What is vouching vs. tracing in an audit?
Vouching vs. tracing are key techniques applied during audits. Auditors apply these techniques to assess the strength of internal controls.
Assessing internal controls is an essential part of an internal audit process. Knowing how strong the internal controls are will help auditors in assessing accounting practices.
Both these techniques fulfill the same objectives for auditors. They just use different techniques to yield their results. Vouching is key for assessing accounting systems while tracing helps assess how comprehensive accounting records are.
Tracing and vouching offer similar results to auditors but through different techniques. Vouching is usually seen as the foundation of an accounting system. Tracing also plays a crucial role in evaluating the completeness of the accounting records.
Tracing is comparing source documents with their linked accounting records to make sure that accounting records are accurate. Auditors generally do a tracing process to test the completeness of accounting records. Vouching is the process of assessing the documentation of a transaction. These are discussed in more detail below:
What is Vouching in an audit?
Vouching is examining documents that support a recorded entry for a transaction or monetary amount. This document is usually known as a “voucher” in accounting, so the term vouching is used.
Vouching is a process that verifies that a transaction is properly documented, authorized and properly recorded. It meets all the financial statement audit requirements except for the completeness requirement, which is done through another approach.
What is Tracing in an audit?
Tracing is also a process of examining transaction documents. However, unlike vouching, tracing uses a process opposite to that of vouching in an audit.
In vouching, the process flow moves from the accounting records to the transaction base documents. In tracing, the process moves from the transaction base documents to the accounts entries.
While tracing transaction flow from the source documents to the accounting entries, auditors can cross-check if a transaction has been correctly recorded and report the figures that it should be according to the nature of the transaction.
By tracing a transaction from its source document to the reported entry, auditors can locate any error or internal control flaw or omission in their audit site.
Example of a Tracing Audit
For example, in a revenue (sales) audit, auditors can test the completeness assertion by applying tracing processes in the following manner:
Other allied audit techniques like scanning the sequence of sales invoice numbers for missing numbers and cross checking for unrecorded sales are also done together with tracing to make sure that the sales revenue is completely recorded.
What is Vouching in an audit?
Auditors generally start their audit process by picking a group of transactions from the accounting records.
These are then ‘vouched’. This means that the supporting documents or source documents for the selected transactions are examined to see if origin documents support the recorded transactions.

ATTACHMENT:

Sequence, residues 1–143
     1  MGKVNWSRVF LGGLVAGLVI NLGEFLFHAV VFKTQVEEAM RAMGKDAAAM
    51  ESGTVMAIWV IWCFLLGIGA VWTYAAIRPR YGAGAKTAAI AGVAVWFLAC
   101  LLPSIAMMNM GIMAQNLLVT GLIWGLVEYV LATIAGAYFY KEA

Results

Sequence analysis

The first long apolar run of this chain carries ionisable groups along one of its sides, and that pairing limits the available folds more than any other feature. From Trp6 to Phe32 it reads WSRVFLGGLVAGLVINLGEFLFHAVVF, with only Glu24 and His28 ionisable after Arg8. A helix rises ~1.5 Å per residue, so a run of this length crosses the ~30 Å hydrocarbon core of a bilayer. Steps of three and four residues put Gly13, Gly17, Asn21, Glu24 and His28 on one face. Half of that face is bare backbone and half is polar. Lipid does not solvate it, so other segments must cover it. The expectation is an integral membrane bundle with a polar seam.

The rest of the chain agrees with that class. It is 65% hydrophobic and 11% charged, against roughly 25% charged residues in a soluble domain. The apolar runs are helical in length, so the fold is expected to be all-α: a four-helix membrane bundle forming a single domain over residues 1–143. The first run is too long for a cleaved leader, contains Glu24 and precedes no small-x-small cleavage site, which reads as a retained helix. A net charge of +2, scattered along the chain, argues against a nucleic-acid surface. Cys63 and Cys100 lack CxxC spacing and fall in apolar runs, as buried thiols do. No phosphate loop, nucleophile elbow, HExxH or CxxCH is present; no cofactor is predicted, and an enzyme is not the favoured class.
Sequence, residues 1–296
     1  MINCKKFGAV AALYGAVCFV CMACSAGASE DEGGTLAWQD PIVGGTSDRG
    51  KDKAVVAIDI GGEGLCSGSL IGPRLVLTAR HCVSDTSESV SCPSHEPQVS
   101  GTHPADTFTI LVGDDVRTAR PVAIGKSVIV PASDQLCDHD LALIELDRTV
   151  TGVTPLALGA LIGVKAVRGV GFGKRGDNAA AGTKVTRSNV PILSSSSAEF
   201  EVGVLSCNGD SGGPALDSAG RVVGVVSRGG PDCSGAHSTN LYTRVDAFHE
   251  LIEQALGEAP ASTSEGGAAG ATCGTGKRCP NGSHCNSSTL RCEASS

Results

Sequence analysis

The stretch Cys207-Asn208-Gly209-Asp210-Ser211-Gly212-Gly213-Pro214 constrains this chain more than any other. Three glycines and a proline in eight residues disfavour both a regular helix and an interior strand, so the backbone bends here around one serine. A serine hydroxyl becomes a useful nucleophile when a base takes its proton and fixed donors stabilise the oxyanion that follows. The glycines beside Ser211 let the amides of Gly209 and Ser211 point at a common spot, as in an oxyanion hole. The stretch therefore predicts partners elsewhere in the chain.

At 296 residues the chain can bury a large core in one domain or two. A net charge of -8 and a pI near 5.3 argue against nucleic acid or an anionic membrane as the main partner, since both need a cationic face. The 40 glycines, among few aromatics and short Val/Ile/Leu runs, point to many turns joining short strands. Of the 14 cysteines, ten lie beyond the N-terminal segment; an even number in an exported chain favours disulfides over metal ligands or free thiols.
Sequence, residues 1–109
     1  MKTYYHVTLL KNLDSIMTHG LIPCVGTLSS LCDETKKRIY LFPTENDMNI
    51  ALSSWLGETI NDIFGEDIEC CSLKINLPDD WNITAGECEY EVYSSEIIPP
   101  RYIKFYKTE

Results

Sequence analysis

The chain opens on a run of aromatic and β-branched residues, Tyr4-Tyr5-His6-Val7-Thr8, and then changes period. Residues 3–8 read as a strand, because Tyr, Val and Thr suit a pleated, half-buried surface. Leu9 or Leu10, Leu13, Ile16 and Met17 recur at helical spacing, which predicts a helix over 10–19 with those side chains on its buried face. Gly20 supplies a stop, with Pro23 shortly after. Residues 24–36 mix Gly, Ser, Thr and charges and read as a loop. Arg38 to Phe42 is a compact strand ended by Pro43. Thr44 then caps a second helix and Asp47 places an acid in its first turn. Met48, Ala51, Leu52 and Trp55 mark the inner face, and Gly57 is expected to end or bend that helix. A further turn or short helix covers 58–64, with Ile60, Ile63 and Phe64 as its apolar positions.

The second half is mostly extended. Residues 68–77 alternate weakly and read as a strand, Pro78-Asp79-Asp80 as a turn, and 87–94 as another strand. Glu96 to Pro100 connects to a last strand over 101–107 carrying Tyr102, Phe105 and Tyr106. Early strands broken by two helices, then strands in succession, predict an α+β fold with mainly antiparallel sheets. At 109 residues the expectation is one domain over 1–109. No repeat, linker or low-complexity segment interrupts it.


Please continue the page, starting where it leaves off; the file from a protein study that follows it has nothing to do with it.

While tracing examines the completeness assertion, auditors usually use vouching to test the existence assertion in an audit. This means that these two procedures examine entirely different evidence from different perspectives, i.e., the completeness vs occurrence or existence).
Tracing is more effective in detecting the risks of understatements (which originates from a lack of completeness).
Vouching is usually effective in detecting overstatements in transactions reported in the financial statements.
Differences between Vouching vs Tracing in auditing
Tracing helps auditors to filter out any understatement in a transaction’s records. While vouching investigates the risks of overstatement of recorded transactions.
As we discussed earlier, tracing is the process of tracking a transaction in reverse to its source document. While vouching is the opposite, beginning with the initial documents (vouchers) of a transaction.
Tracing helps auditors to assess the accuracy and completeness of financial statements. Vouching can be claimed to be more effective as it detects all financial statement assertions except for the completeness assertion.
Vouching starts with the evaluation of the transaction value. It also helps auditors substantiate if a transaction reported on the vouchers has supporting documents. It helps to verify the happening of a transaction.
While carrying out tracing, auditors can cross check the efficacy of an organization’s internal controls. At each step of tracing, auditors can assess for errors, oversights, or falsified activities.
Similarly, vouchers supply journals and ledger books with accounting figures to record. The vouching technique logs transactions from their source documents to their vouchers. The objective Is to ensure that every transaction that occurs is recorded correctly considering accounting principles.
The logic is simple, and if there are oversights or mistakes in vouchers, their linked journal entries would also have errors. The accuracy of financial statements will become affected, and the audit will discover issues with internal controls. Vouching, therefore, helps auditors build an accurate and unbiased opinion about a business's financial statements.
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